“The Israeli Army said today (Jan. 5, 2002) that it had seized a ship carrying 50 tons of rockets, mines, antitank missiles and other munitions meant for Yasir Arafat’s Palestinian Authority, even as the Bush administration’s envoy met with Mr. Arafat in the hope of strengthening his declared cease-fire with Israel. Palestinian officials denied any link to the ship, the Karine A, and dismissed the announcement a day after the seizure as propaganda timed to undermine Mr. Arafat. But Lt. Gen. Shaul Mofaz, chief of staff of the Israeli Army, said that the Karine A was owned by the Palestinian Authority, which governs Palestinians in the West Bank and Gaza Strip, and that its captain and several of its officers were members of the Palestinian naval police… Most of the military equipment found aboard the ship was from Iran, General Mofaz said.”

President Clinton with Benjamin Netanyahu of Israel and Yasser Arafat of Palestine
President Clinton with Shimon Peres and Benjamin Netanyahu of Israel

Mar. 13, 2002 U.S. & U.N. Security Council Officially Call for Palestinian State

“The United States ended years of resistance to Security Council action on the Middle East conflict late tonight (Mar. 13, 2002) when it sponsored and helped pass a resolution formally endorsing the concept of a Palestinian state and calling for ‘the immediate cessation of all acts of violence.’ The American resolution, which passed by a vote of 14 to 0 with Syria abstaining, affirmed ‘a vision of a region where two states, Israel and Palestine, live side by side within secure and recognized borders.’ It also called on the Palestinians and Israelis to restart negotiations on a political settlement.”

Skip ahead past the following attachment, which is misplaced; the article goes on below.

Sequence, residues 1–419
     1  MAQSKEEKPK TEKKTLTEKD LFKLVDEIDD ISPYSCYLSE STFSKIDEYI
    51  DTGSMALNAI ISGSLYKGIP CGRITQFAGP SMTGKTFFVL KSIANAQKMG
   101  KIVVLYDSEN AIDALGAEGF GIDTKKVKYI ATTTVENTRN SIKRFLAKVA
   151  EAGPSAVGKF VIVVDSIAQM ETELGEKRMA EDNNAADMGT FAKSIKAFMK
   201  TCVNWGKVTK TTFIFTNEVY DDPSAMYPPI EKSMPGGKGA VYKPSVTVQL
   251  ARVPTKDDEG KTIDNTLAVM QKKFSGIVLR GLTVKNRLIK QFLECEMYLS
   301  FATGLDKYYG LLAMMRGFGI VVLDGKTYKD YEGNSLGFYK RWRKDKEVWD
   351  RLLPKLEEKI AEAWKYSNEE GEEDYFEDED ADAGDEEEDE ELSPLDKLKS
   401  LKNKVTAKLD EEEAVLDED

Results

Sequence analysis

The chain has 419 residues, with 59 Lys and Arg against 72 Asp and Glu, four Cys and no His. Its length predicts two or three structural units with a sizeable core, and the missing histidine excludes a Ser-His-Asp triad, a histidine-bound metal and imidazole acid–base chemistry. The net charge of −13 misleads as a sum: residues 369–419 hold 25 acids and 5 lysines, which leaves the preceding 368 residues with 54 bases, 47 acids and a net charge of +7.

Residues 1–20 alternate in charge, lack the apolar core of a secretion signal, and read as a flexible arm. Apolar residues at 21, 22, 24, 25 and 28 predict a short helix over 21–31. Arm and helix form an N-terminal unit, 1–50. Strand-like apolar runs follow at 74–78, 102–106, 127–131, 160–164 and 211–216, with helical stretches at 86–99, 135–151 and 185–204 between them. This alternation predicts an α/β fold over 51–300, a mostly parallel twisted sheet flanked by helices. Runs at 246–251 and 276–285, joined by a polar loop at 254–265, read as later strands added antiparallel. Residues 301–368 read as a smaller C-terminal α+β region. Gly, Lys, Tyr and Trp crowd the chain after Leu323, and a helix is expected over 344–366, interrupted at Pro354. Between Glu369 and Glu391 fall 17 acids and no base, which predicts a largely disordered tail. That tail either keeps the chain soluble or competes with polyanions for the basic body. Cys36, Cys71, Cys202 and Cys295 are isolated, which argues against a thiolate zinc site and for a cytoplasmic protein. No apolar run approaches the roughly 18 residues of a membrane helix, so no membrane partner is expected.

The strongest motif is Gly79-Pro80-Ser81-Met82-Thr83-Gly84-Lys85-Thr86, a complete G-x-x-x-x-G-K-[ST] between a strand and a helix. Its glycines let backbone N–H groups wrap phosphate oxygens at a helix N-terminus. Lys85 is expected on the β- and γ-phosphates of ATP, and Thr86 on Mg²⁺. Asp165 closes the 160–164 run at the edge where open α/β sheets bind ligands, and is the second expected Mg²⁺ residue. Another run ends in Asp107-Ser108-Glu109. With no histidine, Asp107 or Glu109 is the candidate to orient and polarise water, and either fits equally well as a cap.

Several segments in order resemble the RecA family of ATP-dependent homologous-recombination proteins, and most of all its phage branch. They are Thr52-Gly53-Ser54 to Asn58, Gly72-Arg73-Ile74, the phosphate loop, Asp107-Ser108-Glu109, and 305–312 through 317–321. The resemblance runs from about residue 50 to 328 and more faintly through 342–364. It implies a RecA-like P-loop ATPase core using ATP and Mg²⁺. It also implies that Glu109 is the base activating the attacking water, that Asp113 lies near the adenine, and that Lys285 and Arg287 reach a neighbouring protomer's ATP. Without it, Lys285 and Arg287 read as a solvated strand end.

Mar. 28, 2002 Arab Peace Initiative

“The Arab League adopted… the first pan-Arab initiative for peace in the Middle East, Arab League Secretary-General Amr Moussa announced. The plan, offered by Saudi Crown Prince Abdullah, was adopted in a closed session following hours of wrangling over its final language.”

“The plan, in its broadest terms, offers Israel security and ‘normal relations’ in exchange for a withdrawal from occupied Arab territories, creation of an independent Palestinian state with al-Quds al-Shareef (East Jerusalem) as its capital, and the ‘return of refugees…’ Asked how ‘normal relations’ are defined, Prince Saud al Faisal, Saudi Arabia’s foreign minister, said, ‘We envision a relationship between the Arab countries and Israel that is exactly like the relationship between the Arab countries and any other state…’”